ARLEE — Sixth-grade students sat quietly and waited for their school counselor, Kelsey Tritz, to begin a lesson on respect at Arlee Junior High School recently.
“I want to point that out right there, when you guys all got quiet when I said ‘I’ll start when you’re ready,” Tritz said to the class. “Who are you showing respect to when you do that?”
“You,” the class responded.
“And who else?” Tritz said. “When we quiet down, we’re showing respect to our classmates so that they can learn, too, because when we’re disrupting the environment, then they’re not learning and we’re getting in the way of their education.”
As Arlee School District’s K-6 counselor, Tritz visits classrooms each week to teach lessons that help students develop emotionally. Tritz tailors lessons to each grade level. Recently, she taught third- and fourth-graders a lesson on using nonverbal communication to solve conflicts, and discussed how students can choose to ignore a situation, walk away or wait and cool off.
Tritz began the lesson on respect with a video featuring Shaquille O'Neal and Kobe Bryant discussing how Bryant assisted O’Neal during a game.
“That’s showing respect because they’re working together as a team,” Tritz said. “How else did they show respect?”
“They celebrated together,” sixth-grader Ethane Vanderburg said. “After they won the championship, he came back and jumped in his arms.”
Students are often told to show respect, but they’re not always told what that looks like. Tritz’s goal is to create lessons that give students real-life examples of how they can show respect in situations they’re likely to encounter.
To illustrate respect to students, Tritz printed out slips of paper with different hypothetical scenarios that she placed around the room. For each scenario, students were instructed to read through the situation in small groups and decide if the person was showing respect.
Vanderburg read the scenario at the first station. “During show and tell, two boys start laughing when their classmate is sharing what her favorite movie is,” he said. “They laugh and say: ‘That is a boring movie.’ Are these students being respectful to their classmate?”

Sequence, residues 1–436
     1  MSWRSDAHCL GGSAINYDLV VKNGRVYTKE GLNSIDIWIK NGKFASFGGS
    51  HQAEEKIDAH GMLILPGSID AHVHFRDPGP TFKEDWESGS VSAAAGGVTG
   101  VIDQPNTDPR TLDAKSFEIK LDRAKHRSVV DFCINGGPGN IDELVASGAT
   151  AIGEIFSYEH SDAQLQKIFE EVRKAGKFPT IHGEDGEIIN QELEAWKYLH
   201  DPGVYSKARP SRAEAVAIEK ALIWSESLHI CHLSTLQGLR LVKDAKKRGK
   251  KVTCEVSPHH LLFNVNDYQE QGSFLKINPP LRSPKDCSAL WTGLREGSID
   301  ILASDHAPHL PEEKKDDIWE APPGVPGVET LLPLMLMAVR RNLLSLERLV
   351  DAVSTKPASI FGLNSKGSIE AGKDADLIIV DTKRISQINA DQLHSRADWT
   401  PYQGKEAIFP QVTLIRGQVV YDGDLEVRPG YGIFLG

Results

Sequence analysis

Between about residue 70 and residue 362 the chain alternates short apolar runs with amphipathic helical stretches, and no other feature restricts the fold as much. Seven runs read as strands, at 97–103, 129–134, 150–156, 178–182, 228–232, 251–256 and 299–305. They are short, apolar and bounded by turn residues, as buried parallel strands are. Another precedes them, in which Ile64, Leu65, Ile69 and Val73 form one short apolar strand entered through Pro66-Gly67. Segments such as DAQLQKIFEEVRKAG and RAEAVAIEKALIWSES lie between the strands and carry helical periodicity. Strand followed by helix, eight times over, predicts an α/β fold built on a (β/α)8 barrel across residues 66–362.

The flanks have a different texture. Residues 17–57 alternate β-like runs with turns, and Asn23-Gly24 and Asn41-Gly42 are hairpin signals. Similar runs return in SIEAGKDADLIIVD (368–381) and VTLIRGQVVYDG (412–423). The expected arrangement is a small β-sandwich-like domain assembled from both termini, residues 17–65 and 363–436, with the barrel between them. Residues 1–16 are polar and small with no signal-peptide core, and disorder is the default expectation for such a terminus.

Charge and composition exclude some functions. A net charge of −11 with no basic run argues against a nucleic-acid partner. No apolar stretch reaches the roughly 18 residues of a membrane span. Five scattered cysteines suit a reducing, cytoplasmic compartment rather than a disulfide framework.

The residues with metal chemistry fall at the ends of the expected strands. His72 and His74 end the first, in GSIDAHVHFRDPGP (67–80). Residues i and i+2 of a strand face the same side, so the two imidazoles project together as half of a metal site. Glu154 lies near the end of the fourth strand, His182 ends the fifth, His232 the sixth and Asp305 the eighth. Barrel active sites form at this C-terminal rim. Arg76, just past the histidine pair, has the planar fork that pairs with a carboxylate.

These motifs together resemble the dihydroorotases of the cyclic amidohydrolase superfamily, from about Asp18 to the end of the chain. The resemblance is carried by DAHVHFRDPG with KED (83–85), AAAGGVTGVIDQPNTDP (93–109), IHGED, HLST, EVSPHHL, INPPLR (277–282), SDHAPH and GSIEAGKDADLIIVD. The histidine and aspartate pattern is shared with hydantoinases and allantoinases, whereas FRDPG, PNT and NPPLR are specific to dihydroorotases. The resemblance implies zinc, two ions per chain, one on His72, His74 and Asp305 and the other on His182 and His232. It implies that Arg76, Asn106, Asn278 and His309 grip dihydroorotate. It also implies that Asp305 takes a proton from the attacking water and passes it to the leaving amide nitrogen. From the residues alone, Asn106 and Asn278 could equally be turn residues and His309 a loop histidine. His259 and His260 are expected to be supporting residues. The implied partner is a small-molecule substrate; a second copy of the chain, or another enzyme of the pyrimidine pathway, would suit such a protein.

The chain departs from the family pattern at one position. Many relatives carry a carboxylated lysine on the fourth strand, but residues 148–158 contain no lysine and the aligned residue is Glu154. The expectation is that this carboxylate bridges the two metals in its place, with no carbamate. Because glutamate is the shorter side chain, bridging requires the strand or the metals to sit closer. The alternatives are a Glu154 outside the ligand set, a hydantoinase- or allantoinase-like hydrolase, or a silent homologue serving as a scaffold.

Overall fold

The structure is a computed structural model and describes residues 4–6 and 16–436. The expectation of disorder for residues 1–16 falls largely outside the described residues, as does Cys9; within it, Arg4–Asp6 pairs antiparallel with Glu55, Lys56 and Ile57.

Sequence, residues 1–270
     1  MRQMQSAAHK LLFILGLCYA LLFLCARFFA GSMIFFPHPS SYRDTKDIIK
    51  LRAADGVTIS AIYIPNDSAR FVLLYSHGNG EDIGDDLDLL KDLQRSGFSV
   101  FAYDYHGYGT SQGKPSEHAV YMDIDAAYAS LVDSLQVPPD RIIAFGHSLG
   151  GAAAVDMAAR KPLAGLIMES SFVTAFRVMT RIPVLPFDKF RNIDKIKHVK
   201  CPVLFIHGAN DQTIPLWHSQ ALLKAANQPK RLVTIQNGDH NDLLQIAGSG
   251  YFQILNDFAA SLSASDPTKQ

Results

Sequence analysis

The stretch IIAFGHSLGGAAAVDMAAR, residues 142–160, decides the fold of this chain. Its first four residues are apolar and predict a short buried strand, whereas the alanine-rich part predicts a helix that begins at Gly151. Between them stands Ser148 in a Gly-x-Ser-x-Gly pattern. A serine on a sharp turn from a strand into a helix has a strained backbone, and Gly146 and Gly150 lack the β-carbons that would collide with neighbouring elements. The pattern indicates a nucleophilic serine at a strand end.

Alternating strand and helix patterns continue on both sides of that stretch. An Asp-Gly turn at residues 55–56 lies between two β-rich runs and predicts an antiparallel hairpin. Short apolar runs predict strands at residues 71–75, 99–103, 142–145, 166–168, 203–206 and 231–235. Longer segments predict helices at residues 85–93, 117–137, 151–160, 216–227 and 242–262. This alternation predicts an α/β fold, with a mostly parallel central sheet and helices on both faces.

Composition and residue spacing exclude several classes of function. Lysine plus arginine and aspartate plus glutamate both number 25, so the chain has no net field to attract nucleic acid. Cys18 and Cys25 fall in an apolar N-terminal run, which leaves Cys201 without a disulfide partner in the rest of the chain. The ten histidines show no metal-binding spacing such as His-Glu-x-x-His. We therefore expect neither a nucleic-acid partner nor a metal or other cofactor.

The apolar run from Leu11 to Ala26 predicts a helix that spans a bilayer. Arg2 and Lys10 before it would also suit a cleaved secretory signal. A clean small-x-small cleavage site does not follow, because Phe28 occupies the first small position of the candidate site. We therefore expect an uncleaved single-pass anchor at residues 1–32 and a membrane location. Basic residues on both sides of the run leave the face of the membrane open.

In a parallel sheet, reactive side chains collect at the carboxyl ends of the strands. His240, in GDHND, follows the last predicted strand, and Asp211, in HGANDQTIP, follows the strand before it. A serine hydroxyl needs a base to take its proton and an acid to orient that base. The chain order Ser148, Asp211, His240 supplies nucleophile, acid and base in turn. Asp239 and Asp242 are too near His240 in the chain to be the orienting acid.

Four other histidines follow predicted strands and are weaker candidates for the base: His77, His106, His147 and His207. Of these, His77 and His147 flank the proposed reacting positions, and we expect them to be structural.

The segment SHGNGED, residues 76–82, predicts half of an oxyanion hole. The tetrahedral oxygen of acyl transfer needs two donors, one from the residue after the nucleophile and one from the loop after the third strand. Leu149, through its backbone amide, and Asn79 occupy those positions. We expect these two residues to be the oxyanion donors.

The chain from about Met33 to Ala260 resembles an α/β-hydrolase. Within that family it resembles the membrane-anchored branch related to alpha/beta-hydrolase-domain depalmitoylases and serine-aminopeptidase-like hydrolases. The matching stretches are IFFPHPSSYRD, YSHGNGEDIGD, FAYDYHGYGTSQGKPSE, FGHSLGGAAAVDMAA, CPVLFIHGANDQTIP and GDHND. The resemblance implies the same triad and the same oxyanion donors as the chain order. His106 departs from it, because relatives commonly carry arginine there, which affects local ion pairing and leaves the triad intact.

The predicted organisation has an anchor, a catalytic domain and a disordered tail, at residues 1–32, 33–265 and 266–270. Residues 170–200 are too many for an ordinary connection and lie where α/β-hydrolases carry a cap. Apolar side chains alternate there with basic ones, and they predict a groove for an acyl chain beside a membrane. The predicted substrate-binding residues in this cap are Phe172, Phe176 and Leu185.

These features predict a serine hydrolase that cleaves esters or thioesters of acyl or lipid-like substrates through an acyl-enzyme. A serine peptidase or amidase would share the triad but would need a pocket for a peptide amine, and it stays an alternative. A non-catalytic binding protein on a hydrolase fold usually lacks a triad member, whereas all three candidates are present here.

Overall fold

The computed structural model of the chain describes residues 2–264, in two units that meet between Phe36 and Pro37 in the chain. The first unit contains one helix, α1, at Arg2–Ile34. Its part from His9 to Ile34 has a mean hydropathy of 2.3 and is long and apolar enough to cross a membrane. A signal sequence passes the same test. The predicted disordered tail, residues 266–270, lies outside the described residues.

“I don’t think they’re showing respect,” sixth-grader Brooke Tanner said. “To them, that could be a boring movie. But to her, that could be the best movie.”
Tanner read the next prompt. “Eric’s baseball team did not win the big game,” she said. “Eric was very mad. When it was time for both teams to shake hands, Eric sat on the bench and refused to shake hands with the other team. Is Eric being respectful? What should Eric do to show respect?”
“They should show good sportsmanship,” sixth-grader Chayton Bartell said.
“He could’ve been like, ‘It’s just a game,’” Vanderburg said.
After the students made it through all the stations, they returned to their desks to have a class discussion about the scenarios.
Tritz revisited the scenario where two boys laughed at a girl when she shared her favorite movie. She asked students how the boys could show the girl respect.
“Even if they didn’t like it, they should pretend that they did,” sixth-grader Erin Haynes said.
“Do they have to pretend?” Tritz asked the class. “Do we have to have the same opinion as everybody else?”
The class was quiet, with a couple students responding “no.”
“We don’t have to like the same things as everyone else,” Tritz said. “It’s how we choose to talk about it or let the other person know that we have a different opinion.”
Tritz explained to students that no one’s opinion is wrong. She also explained that it’s OK to feel mad or upset, going back to the situation with a hypothetical student named Eric who lost a baseball game.
“It’s not a bad thing to be mad or upset about something, but it’s how we choose to handle that anger,” Tritz said.
Tritz asked students for suggestions of other ways they could handle their anger. Students suggested taking deep breaths, using a punching bag or walking away.
Tritz ended the lesson with another video with a clip from "Remember the Titans" where the team approached Gettysburg Battlefield and Coach Boone gave a speech.
“If we don't come together right now on this hallowed ground, we too will be destroyed just like they were,” Coach Boone said in the film. “I don't care if you like each other or not, but you will respect each other.”